Erdogan, who has alarmed the West with a massive purge since a failed coup attempt in July 2016, remains an important ally in the U.S.-led NATO alliance and the fight against Islamic militants, and the destination for many Syrians fleeing war.

Turkey shares a border with Iraq, Syria and with Russia in the Black Sea, and the EU is its biggest foreign investor and trading partner.

CASH ONLY

EU leaders are likely to provide Erdogan with 3 billion euros ($3.7 billion) in fresh cash to extend a 2016 deal on Turkey taking in Syrian refugees.

They will go no further than that, as Brussels considers the EU membership bid a separate process focused on rule of law, press freedoms and economic reforms.

But Erdogan on Monday appeared to conflate the two.

“Our country has fulfilled all responsibilities as part of the 2016 migrant deal, but the EU has not shown the same sincerity in keeping its promises and still does not do so,” Erdogan said.

“In terms of counter-terrorism, we will convey that we expect unconditional support and cooperation from the EU.”

EU officials say Turkey’s post-coup crackdown on civil rights has taken it further from complying with EU membership criteria.

“The differences in views between the EU and Turkey are many,” said European Commission President Jean-Claude Juncker, who will represent the bloc along with European Council President Donald Tusk.

“(Varna)…will be a frank and open debate, where we will not hide our differences but will seek to improve our cooperation,” Juncker said after a two-day EU summit that condemned what they said were Turkey’s illegal actions in a standoff over Mediterranean gas with Greece and Cyprus.

DIALOGUE OR CONDEMNATION?

Turkey’s EU membership process is not formally frozen, but talks have not taken place for over a year.

Host Bulgaria, which also shares a border with Turkey holds the EU’s rotating presidency, is eager to keep ties as positive as possible.

“The meeting in Varna is likely to be one of the last opportunities to maintain dialogue,” Bulgarian Prime Minister Boyko Borissov said.

Meanwhile Chancellor Sebastian Kurz of Austria, the country the most opposed to Turkey’s EU membership aspirations, called in an interview in Die Welt newspaper for the EU to condemn Ankara for escalating the seven-year-long war in Syria.

(Additional reporting by Robin Emmott in Brussels and Tulay Karadeniz in Varna; Writing by Alissa de Carbonnel @AdeCar and Robin Emmott; editing by John Stonestreet)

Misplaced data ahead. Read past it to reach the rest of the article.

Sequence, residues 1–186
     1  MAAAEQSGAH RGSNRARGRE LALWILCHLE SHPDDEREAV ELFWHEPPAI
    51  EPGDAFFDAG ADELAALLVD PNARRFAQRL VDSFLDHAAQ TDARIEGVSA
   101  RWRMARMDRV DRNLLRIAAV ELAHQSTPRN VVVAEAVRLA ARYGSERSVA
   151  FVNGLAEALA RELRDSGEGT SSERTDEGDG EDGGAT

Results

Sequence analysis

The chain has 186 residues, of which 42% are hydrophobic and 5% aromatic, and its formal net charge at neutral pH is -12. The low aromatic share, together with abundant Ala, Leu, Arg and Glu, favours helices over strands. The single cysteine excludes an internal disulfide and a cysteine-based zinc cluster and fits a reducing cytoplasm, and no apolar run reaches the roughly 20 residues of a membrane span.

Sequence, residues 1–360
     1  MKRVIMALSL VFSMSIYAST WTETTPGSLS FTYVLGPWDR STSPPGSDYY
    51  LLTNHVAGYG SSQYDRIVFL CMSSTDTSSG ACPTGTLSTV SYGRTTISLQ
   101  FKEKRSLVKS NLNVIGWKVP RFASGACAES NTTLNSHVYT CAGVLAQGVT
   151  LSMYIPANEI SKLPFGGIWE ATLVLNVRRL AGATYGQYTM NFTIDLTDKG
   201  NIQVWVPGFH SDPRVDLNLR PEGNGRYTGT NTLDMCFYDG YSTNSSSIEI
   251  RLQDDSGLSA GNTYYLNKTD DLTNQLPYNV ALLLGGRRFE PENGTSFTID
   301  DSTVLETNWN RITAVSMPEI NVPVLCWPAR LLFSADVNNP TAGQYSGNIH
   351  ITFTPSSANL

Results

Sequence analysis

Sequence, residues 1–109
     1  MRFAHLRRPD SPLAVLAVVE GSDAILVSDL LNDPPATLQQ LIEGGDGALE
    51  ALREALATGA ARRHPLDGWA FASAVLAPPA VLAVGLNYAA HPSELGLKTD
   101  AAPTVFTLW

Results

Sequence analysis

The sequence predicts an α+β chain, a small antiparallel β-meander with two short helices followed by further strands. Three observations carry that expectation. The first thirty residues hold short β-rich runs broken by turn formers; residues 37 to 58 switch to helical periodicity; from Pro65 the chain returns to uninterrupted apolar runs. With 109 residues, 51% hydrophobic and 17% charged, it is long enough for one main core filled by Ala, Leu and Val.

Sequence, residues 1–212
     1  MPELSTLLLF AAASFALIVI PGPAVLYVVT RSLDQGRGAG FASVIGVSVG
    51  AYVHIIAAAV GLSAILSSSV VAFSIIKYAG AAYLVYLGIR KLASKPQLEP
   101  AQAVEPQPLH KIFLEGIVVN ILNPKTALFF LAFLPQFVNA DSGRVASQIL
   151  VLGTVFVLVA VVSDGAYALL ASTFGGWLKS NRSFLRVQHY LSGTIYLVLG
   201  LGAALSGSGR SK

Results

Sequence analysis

Inspectors analyze toxin used on Russian spy, EU backs Britain

A police notice is attached to screening surrounding a restaurant which was visited by former Russian intelligence officer Sergei Skripal and his daughter Yulia before they were found on a park bench after being poisoned in Salisbury, Britain, March 19, 2018. REUTERS/Peter Nichol

By Alex Fraser and Peter Nicholls

SALISBURY, England (Reuters) – Inspectors from the world’s chemical weapons watchdog on Monday began examining the poison used to strike down a former Russian double agent in England, in an attack that London blames on Moscow.

Britain says Sergei Skripal and his daughter, who are critically ill in hospital, were targeted with the Soviet-era military-grade nerve agent Novichok. It accuses Moscow of stockpiling the toxin and investigating how to use it in assassinations.

Russian President Vladimir Putin, who easily won another six-year term on Sunday, said the claims were nonsense and that Russia had destroyed all its chemical weapons. While the Kremlin told Britain to back up its assertions or apologize, Britain’s fellow EU members offered it “unqualified solidarity”.

Skripal, a former colonel in Russian military intelligence who betrayed dozens of Russian agents to Britain, was found collapsed along with his daughter on a bench in the small southern city of Salisbury two weeks ago.

The identification of Novichok as the weapon has become the central pillar of Britain’s case for Russia’s culpability. Each has expelled 23 of the other’s diplomats as their relations have sunk to a post-Cold War low.

On Monday, inspectors from the Organization for the Prohibition of Chemical Weapons (OPCW) began running independent tests on samples taken from Salisbury to verify the British analysis, said an OPCW source speaking on condition of anonymity.

“The team from The Hague will meet with officials from the Defence Science and Technology Laboratory and the police to discuss the process for collecting samples, including environmental ones,” Britain’s Foreign Office said.